Schools with Poor, Minority Students Get Less State Funds

 

School districts in Illinois and New York that have large numbers of poor students get some $2,200 less in state and local funds per student than other schools, according to a new report released Oct. 29.

Illinois and New York have the biggest disparity when it comes to funding school districts with large numbers of poor students, The Education Trust said in its report The Funding Gap.

The Education Trust is a nonprofit organization in Washington, D.C. funded, in part, by The Pew Charitable Trusts, the same organization that funds Stateline.org.

Alaska did the best, providing $840 in additional funds per student to school districts with low-income students, followed by Delaware, which provided more than $600.

School districts with large minority populations also get short-changed, the report said. New York again has the largest gap ($2,000 per student), followed by Kansas and Nebraska, both with nearly $1,800. On the flip side, Massachusetts provided an extra $940 per student to school districts with a lot of minority students and Georgia an extra $560.

All dollar figures have been adjusted to take into account local cost differences and the extra cost of educating poorer students, the trust said.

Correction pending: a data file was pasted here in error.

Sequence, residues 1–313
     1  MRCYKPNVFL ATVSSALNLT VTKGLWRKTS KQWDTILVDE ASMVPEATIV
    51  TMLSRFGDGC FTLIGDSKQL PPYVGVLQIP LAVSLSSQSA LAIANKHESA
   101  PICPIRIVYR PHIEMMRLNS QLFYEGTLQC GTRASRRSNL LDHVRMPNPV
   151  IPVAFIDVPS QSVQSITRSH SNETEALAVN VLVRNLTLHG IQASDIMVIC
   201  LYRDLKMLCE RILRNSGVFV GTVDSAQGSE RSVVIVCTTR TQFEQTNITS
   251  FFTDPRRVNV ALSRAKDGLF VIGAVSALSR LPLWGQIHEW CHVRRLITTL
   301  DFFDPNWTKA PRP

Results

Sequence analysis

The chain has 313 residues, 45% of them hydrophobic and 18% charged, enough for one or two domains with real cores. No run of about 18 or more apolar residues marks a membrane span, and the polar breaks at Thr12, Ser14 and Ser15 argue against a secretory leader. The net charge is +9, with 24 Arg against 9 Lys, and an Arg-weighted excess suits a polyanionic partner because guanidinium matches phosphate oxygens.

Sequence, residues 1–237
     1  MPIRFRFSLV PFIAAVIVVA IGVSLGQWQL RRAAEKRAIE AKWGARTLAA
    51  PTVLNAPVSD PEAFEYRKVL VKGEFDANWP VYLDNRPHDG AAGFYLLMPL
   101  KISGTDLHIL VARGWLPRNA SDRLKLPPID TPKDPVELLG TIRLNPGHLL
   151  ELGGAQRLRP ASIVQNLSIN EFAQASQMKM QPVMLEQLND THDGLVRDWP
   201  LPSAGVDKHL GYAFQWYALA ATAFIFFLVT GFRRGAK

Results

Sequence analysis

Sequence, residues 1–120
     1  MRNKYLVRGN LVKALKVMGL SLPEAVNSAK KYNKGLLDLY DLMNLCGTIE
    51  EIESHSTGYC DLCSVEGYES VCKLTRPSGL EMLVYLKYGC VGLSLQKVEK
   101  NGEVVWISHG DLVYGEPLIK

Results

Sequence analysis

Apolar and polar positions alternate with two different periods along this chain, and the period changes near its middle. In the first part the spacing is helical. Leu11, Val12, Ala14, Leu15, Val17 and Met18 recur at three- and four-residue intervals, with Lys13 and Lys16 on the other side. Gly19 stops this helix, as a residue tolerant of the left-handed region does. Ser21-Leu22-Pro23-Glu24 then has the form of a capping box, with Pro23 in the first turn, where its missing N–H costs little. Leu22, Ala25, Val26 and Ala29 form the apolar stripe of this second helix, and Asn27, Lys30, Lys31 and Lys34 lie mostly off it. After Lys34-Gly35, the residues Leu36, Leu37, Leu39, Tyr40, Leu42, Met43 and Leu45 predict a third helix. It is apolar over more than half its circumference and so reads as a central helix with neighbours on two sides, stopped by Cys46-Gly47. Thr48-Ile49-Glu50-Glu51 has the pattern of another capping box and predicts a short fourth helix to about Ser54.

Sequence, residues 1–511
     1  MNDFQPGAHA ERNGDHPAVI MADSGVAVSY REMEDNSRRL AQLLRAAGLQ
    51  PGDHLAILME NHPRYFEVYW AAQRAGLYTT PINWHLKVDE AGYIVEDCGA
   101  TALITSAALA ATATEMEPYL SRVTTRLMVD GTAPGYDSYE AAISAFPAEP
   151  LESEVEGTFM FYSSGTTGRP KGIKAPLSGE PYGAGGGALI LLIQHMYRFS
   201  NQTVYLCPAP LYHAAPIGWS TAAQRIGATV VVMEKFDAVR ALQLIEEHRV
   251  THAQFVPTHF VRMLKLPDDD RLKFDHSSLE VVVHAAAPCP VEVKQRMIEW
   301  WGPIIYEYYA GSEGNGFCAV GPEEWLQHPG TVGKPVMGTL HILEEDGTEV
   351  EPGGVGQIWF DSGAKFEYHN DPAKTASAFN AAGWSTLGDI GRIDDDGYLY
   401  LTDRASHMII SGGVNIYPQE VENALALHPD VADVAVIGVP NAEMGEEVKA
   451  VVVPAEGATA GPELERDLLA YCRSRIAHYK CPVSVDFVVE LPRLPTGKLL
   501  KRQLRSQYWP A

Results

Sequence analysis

"In too many states, we see yet again that the very students who need the most, get the least," Kevin Carey, senior policy analyst and author of the report, said. "At a time when schools, districts and states are rightly focusing on closing the achievement gap separating low-income and minority students from other students, states can and must do more to close these funding gaps."

A reason that Illinois ranks first in the "poverty" gap is because schools rely so heavily on local property taxes to fund schools, Carey told Stateline.org. The way New York under-funds New York City is the main reason for that state's funding gap, he said. New York's highest court ruled this past June that the state was not giving enough money to New York City schools and ordered the state to revamp its funding system by July 30, 2004.

"Let's be clear," said Kati Haycock, director of the Education Trust. "Congress and the President need to do their part by fully funding No Child Left Behind. But states are primarily responsible for education funding, and they have to do their part, too," she said in a prepared statement.

 
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